Liquorice – A Broad Spectrum Tonic
We decided to post an article on liquorice (sometimes spelt licorice) after a recent study by A Momeni et al showed liquorice is as effective as Bismuth in the eradication of H Pylori. Bismuth is a heavy metal with some common side effects, so the availability of a natural alternative could prove very useful.
The great thing about writing an article on liquorice is that, unusually for an herbal food supplement, there is actually a huge amount of research indicating a very wide range of benefits! Some of the research does look at derivatives of liquorice such as glycyrrhizin and licochalcone A as pharmacists generally are not interested in the holistic benefits of the whole herb. Also a lot of the research is laboratory based, so it is indicative rather than conclusive. To review this herb fully could be a book in itself, so rather than focusing on one particular aspect of this herbal “broad-spectrum tonic”, we are just going to list a number of benefits and cite one or two relevant articles for each benefit. Make sure you read the precautions at the end of the article as liquorice is not ideal for everyone
Liquorice for diabetes
Researchers at the Max Planck Institute for Molecular Genetics in Berlin have discovered that liquorice root also contains substances with an anti-diabetic effect
Liquorice is an anti-viral
Fiore et al 2008 reviewed a number of studies of the anti-viral properties of liquorice including randomized controlled trials which confirmed that the liquorice derived compound glycyrrhizin and its derivatives reduced hepatocellular damage in chronic hepatitis B and C. Other animal studies indicated positive effects against a number of powerful and dangerous viruses including SARS related coronavirus and HIV-1.
Liquorice and stomach ulcers
Liquorice root has a long history of use for soothing inflamed and injured mucous membranes in the digestive tract. A study by Goso et al 1996 with rats found Liquorice may protect the stomach and duodenum by increasing production of mucin, a substance that protects the lining of these organs against stomach acid and other harmful substances. However the results of human trials in this area have been mixed
Liquorice aids memory and learning
Chakravarthi and Avadhani found that doses of liquorice enhanced memory in rats and at some doses enhanced both learning and memory. Their conclusions stated “Liquorice appears to be a promising drug for improving memory in the management of impaired learning, dementia, Alzheimer’s disease, and other neurodegenerative disorders.”
Anti-Inflammatory and Asthma
Studies have shown liquorice induces the adrenal cortex to make more natural cortisone, giving a systemic anti-inflammatory effect on the lungs and most other organs. Viral infection has emerged as the most common cause of severe episodes of asthma and S H Kim et al July 2014 have indicated that derivatives of liquorice have a powerful anti-inflammatory effect suppressing the probable causes of virally induced asthma attacks.
Liquorice root helps prevent and heal skin problems
Liquorice extract has often been compared to hydrocortisone for its anti-inflammatory action in various skin problems and has traditionally been used to treat eczemas, dermatitis, impetigo, and traumatized skin. Saeedi M et al found that a topical application of liquorice was more effective than placebo for treating atopic dermatitis. They also found a stronger concentration (2%) was more effective than the weaker one (1%).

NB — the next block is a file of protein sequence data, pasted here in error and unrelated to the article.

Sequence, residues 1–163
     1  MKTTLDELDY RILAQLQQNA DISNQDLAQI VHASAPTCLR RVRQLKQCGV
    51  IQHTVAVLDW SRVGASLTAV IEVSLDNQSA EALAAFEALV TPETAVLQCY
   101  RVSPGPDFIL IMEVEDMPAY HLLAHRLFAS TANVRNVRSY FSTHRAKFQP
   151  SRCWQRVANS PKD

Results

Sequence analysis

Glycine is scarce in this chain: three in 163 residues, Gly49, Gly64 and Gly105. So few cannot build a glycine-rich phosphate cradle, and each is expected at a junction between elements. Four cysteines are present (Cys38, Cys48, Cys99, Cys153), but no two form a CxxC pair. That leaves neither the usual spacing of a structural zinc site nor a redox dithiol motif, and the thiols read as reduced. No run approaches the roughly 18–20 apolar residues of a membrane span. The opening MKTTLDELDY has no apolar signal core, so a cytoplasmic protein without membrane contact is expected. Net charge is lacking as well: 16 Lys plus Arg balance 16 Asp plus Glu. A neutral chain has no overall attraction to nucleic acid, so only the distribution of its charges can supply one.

Liquorice a tonic for the adrenal glands and is used to help Addison’s disease
Herbalists have used liquorice for many years to treat Addison’s disease. A number of research articles starting with the Edinburgh Group in the 1960s have backed this up over the last 50 years. R. Baschetti, (1995) also found liquorice helped with Chronic Fatigue Syndrome
Liquorice and rheumatoid arthritis
LR Kim et al 2010 investigated the anti-inflammatory effects of a combination of liquorice extract and roasted liquorice extract in mice. They found liquorice provides benefits in protecting against both acute inflammation and chronic inflammatory conditions including rheumatoid arthritis.
Liquorice and cholesterol
Fuhrman and Aviram found the anti-oxidant properties of liquorice could help reduce cholesterol and protect against atherosclerosis (clogging of the arteries).
Liquorice, breast cancer and prostate cancer
Rafi et al 2002 demonstrated that a molecule isolated from liquorice was more effective than chemotherapy at attacking breast and prostate tumors and that was backed up by a study by E H Jo et al in 2004 which demonstrated that liquorice extract had similar anti-breast cancer properties
Liquorice as a laxative
Finally, we know that liquorice has traditionally been used for its laxative effects. We were not able to find any research on this attribute although several studies into other aspects did refer to this effect.
Precautions and interactions
Warning – do not take if pregnant (or trying to get pregnant), do not take higher does over long periods as it can cause high blood pressure. Some people also have allergic reactions to liquorice. Liquorice should not be used used with blood-thinning medications, antiplatelet drugs or aspirin, liquorice may increase the risk of excess bleeding. Liquorice root should also not be taken with cardiac glycosides, corticosteroids, diuretics, hormone therapy, insulin, laxatives, and monoamine oxidase inhibitors due to risk of serious side effects.
Any information we give in this blog is not meant to replace the advice of your health professional. We always recommend that you seek a full consultation with a registered herbalist